Rally puts American Crystal dispute in public spotlight
MOORHEAD - Hundreds of union workers and their supporters marched through downtown Moorhead on Thursday, putting the public spotlight on a lockout by American Crystal Sugar Co.
An American Crystal spokesman said the company feels it offered workers a fair contract and the offer remains open if workers want it.
The union voted down the proposal July 30, and the union contract with the company expired the next day.
The company locked out union workers and some non-union employees Aug. 1 and brought in replacement workers to run Minnesota plants in East Grand Forks, Crookston and Moorhead and North Dakota plants in Drayton and Hillsboro.
Many of those attending Thursday's rally said they want to work, but feel the company's latest offer was unacceptable.
ACS Union Worker Protes
Among those showing support for the union Thursday were members of unions at the University of Minnesota and the University of North Dakota.
August Nimtz, a political science professor at the U of M, said he felt it was important to back workers at a time when companies across the country may be viewing the nation's high unemployment rate as an opportunity to change employment structures.
Teresa Joppa, staff attorney for the American Federation of State County and Municipal Employees Council 65, joined the rally to show solidarity with the sugar workers.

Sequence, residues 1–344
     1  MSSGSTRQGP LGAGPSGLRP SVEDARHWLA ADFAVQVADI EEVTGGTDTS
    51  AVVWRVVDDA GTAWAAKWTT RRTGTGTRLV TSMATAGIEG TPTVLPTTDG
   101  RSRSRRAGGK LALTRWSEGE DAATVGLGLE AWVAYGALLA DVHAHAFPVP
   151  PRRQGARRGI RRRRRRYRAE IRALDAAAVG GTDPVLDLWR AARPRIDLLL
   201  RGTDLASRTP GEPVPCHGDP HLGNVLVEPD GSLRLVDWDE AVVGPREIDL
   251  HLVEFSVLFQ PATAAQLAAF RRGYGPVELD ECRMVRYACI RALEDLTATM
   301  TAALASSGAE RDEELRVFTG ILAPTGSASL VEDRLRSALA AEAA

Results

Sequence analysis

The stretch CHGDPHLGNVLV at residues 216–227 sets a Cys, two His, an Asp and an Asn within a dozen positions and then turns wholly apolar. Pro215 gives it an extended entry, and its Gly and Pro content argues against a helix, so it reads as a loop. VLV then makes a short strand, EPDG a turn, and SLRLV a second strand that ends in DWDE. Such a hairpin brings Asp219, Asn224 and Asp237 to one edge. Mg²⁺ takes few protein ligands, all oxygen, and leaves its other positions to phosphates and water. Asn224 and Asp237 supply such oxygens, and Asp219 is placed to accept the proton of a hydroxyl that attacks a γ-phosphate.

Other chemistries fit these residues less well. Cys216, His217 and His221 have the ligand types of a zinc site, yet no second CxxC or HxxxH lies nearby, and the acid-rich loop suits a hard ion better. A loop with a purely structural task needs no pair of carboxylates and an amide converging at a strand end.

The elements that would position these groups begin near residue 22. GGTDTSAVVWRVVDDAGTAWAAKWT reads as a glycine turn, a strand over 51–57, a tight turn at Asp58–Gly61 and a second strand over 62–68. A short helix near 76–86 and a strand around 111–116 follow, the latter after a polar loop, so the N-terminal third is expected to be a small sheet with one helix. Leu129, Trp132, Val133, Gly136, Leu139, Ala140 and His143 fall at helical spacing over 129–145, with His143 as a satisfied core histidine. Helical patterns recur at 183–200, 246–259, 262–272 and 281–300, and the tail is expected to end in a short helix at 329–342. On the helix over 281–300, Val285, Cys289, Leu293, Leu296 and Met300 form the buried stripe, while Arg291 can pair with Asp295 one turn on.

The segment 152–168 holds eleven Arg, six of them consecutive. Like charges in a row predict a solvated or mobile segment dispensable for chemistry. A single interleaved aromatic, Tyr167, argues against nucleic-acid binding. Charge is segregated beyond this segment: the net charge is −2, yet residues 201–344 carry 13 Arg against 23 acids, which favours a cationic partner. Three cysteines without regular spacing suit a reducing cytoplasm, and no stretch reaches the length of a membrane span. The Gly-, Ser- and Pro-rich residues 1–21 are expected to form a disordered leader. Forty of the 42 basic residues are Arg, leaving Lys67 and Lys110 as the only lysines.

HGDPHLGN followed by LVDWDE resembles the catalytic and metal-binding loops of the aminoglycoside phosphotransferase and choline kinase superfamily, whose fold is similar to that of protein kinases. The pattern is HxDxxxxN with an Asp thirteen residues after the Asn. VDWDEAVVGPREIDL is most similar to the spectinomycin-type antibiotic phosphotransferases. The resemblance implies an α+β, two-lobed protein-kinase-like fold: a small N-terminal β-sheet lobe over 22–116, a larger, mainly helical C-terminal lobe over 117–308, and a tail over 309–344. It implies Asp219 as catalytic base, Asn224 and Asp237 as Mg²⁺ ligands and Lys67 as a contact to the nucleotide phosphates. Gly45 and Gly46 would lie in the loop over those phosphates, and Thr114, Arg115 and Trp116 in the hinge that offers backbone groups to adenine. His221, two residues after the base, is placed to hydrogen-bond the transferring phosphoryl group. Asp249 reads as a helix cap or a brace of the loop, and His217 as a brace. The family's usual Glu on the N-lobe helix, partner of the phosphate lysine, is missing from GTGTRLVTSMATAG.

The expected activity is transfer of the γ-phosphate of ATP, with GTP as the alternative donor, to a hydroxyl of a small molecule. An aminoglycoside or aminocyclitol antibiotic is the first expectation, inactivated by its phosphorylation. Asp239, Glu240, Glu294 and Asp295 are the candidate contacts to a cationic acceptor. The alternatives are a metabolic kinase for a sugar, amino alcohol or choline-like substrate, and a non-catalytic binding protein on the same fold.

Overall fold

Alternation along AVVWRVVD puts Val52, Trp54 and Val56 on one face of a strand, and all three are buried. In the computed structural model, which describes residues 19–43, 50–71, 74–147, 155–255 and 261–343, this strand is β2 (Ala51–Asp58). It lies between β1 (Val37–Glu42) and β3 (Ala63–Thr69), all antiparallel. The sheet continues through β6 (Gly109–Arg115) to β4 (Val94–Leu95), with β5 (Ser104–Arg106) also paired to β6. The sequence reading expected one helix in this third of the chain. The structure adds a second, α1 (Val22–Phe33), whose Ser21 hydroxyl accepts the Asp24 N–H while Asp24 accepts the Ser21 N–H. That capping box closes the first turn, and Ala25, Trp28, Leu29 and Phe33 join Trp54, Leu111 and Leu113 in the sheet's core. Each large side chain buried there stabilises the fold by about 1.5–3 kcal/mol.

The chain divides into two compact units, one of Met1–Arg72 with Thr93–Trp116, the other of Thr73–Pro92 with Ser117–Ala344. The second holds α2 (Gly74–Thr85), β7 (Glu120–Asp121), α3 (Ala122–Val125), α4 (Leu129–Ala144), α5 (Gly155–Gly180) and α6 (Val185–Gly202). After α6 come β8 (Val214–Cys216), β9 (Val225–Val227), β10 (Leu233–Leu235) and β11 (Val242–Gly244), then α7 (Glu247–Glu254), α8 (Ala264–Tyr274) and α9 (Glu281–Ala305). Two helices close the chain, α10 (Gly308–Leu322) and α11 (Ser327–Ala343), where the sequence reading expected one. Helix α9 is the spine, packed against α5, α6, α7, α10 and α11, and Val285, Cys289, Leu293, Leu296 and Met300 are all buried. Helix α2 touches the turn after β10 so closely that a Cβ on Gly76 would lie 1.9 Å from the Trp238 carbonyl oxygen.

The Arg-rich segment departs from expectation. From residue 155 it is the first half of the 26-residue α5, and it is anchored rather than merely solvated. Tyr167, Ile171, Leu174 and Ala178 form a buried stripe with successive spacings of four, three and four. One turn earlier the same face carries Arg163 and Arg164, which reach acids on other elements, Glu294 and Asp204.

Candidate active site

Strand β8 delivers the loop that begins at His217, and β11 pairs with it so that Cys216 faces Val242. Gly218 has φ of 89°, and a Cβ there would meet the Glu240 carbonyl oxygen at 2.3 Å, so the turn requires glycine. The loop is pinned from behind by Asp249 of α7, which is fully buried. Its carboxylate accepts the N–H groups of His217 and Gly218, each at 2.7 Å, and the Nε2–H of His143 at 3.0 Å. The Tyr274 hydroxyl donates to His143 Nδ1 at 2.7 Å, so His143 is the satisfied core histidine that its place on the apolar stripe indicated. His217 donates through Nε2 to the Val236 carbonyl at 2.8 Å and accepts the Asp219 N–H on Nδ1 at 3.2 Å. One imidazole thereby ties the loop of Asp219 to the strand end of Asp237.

Joppa said it was unusual to see a lockout in this part of the country, but she was hopeful workers could return to their jobs soon.
Danielle Dirkes and Brady Peck, both union workers at American Crystal's Moorhead plant, said they are eager to return to work to support their families.
Dirkes has a 5-year-old son. Peck has two boys, 7 and 11 years old.
"I work for my kids and my family," Peck said.
Brian Ingulsrud, vice president of administration at American Crystal, said the company wants workers back, too.
"We want our employees on the job," he said.
Ingulsrud said the company believes its offer of a 17 percent wage increase, on top of a wage and benefit package that already totals $75,000, was a fair proposal.
He said the proposed contract would increase worker pensions and "in no way" threaten job security.
Ingulsrud said workers, who currently are not paying any premium toward their health care, are being asked to pay $24 a month for single coverage and $73 a month for family coverage.
Even with those costs added, workers would still take home $15,000 more in pay over five years, according to Ingulsrud, who said the offer stands if workers change their minds.
Traffic was stopped in Moorhead and Fargo as a human train of union workers and supporters wound its way from the Moorhead Center Mall to the Veterans Memorial Bridge on Main Avenue.
Moorhead Police Sgt. Deric Swenson said union officials notified police days ago of their plans, allowing plenty of time to set up traffic control.
Police on both sides of the river reported no major problems.
Readers can reach Forum reporter Dave Olson at (701) 241-5555